Rheumatoid arthritis is a long-term condition that causes pain, swelling and stiffness in the joints. A flare-up describes what happens when a person experiences a particularly painful episode.
A flare-up can be difficult to predict, but with treatment it’s possible to decrease the number of flares and minimise or prevent long-term damage to the joints.
Taking certain supplements can help people to manage their condition.
Participants showed significant improvements related to joint pain
Evidence suggests a type of omega-6 fatty acid found in evening primrose oil, black current oil and borage oil can to help to reduce rheumatoid arthritis inflammation.
According to the Arthritis Foundation, one of the most promising studies was a placebo-controlled trial of 56 patients with active RA who received 2.8 g GLA.
Participants showed significant improvements related to joint pain, stiffness and grip strength at six months and progressive improvement in control of disease activity at one year.
Evening primrose oil is a rich source of GLA.
A smaller study found that a combination of evening primrose oil and fish oil (Efamol) significantly reduced the need for conventional pain relievers.
Another study found taking evening primrose oil helped ease morning stiffness in patients with the condition, said Holland and Barrett.
Commenting on the effectiveness of evening primrose oil, Versus Arthritis said, while the evidence isn’t conclusive, it may “help in the regulation of pain and inflammation”.
Holland and Barrett also outlined other health benefits of taking GLA rich supplements.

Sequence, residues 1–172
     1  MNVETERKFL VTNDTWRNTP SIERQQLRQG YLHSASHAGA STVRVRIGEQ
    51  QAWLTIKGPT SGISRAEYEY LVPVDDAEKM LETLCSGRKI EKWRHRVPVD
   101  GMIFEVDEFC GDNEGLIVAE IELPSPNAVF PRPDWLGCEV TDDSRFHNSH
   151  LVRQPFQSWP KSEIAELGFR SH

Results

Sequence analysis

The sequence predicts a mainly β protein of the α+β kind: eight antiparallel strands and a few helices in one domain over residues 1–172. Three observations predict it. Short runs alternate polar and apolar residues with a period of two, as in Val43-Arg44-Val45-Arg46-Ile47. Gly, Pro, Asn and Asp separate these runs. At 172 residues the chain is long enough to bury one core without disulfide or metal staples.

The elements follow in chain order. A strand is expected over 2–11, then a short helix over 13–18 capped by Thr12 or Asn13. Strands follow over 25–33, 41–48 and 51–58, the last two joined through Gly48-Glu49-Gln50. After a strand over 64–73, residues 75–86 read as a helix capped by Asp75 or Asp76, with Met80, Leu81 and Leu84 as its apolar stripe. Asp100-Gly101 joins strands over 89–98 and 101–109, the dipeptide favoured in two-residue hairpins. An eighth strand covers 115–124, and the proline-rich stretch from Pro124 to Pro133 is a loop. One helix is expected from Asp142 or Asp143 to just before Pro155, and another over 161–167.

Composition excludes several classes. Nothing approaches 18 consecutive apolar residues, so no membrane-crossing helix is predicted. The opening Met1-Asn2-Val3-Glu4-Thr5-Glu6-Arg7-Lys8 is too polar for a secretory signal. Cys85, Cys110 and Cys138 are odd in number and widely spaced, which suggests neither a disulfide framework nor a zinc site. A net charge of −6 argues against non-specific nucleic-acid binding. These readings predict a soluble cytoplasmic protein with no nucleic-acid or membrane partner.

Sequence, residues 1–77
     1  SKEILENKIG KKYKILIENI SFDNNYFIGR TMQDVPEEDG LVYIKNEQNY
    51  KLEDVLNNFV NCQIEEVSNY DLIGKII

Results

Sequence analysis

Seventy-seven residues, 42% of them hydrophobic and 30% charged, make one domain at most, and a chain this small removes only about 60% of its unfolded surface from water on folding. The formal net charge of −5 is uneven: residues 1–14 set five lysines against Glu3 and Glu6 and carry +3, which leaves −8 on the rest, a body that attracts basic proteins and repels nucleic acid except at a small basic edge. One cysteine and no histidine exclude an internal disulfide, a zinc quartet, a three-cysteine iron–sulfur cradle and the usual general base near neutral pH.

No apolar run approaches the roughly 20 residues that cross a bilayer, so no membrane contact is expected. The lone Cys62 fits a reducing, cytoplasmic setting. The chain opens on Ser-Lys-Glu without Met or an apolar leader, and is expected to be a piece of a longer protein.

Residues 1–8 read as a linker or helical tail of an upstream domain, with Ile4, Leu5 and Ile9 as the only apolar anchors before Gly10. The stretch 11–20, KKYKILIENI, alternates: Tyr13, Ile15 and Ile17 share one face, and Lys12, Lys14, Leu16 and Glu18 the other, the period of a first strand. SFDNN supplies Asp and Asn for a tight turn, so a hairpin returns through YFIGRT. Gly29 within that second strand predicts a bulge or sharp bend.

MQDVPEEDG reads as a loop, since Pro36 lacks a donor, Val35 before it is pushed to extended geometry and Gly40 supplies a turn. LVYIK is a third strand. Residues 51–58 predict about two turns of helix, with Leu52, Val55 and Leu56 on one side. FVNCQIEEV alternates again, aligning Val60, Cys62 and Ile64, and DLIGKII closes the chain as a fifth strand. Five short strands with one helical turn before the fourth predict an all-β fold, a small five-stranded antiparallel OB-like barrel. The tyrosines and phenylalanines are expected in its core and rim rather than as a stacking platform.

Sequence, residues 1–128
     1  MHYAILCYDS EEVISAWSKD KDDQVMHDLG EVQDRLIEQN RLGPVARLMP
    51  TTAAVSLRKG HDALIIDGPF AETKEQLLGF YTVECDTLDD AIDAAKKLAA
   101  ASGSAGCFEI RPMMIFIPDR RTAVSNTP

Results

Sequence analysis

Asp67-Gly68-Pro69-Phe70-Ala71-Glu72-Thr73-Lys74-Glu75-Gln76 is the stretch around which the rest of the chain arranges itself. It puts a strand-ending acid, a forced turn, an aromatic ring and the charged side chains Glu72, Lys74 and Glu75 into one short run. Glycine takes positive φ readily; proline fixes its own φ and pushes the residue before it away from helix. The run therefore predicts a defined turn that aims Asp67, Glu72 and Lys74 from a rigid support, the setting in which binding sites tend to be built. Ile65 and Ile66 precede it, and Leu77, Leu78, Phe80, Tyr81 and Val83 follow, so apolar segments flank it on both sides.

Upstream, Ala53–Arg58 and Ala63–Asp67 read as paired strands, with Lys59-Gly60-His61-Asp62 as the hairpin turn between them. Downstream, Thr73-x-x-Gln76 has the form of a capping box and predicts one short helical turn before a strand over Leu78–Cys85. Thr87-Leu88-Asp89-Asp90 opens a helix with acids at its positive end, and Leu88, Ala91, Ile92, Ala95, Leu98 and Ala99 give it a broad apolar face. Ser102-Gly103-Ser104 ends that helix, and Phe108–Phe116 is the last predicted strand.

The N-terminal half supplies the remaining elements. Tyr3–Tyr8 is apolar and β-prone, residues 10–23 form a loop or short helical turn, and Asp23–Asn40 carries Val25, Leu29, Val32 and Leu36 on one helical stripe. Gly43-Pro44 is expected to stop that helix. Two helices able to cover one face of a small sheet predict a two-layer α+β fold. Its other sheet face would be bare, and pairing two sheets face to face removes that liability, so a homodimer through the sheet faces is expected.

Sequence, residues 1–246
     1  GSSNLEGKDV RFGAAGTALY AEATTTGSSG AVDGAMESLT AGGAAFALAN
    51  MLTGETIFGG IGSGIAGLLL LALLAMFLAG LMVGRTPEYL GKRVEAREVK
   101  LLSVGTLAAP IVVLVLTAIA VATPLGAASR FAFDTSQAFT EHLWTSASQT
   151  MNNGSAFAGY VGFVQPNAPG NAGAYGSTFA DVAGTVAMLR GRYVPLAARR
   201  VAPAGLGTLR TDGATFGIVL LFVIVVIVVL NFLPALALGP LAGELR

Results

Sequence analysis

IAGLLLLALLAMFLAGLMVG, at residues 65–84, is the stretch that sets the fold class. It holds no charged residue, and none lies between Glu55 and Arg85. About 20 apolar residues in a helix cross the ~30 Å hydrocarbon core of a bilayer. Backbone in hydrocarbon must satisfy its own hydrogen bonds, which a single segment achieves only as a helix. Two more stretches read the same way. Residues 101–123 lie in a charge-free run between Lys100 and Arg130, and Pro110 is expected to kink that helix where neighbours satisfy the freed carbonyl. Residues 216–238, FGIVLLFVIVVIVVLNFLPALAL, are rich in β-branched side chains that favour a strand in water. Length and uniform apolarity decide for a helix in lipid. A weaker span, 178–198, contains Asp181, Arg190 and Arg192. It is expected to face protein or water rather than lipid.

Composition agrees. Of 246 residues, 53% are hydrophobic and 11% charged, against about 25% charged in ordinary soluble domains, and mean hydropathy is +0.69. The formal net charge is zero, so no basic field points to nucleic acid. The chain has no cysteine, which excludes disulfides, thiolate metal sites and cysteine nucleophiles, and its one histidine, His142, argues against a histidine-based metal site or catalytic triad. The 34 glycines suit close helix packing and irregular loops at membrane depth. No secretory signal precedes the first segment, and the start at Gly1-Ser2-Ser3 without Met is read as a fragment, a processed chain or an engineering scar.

“It’s thought the GLA in evening primrose oil may improve acne, by reducing inflammation and minimising scarring,” noted the health body.
The health site pointed to a Korean study which found that GLA reduced inflammation in acne sufferers.
“But more evidence is needed before EPO can be recommended as an acne treatment,” it added.
In terms of dosage, Arthritis Foundation advised 2g to 3g daily in divided doses of either capsules or oil.
Devil’s claw supplements may also help to ease arthritis symptoms. According to the Arthritis Foundation: “Harpagoside, the active ingredient in devil’s claw, appears to reduce pain and inflammation in joints.”
According to Holland and Barrett: “As a traditional herbal medicine, it’s used for the relief of backache, rheumatic or muscular pain, and general aches and pains in the muscles and joints,” said Holland and Barrett.
Devil’s claw can be found in teas, tablets and capsules.
It’s also available in beauty products such as herbal bath soaks, gels and massage oils, says Holland Barrett.
“While there is no set upper limit, the European Medicines Agency guidelines do not advise exceeding 800mcg to 1g of devil’s claw a day,” cautioned the health site.
Source: Read Full Article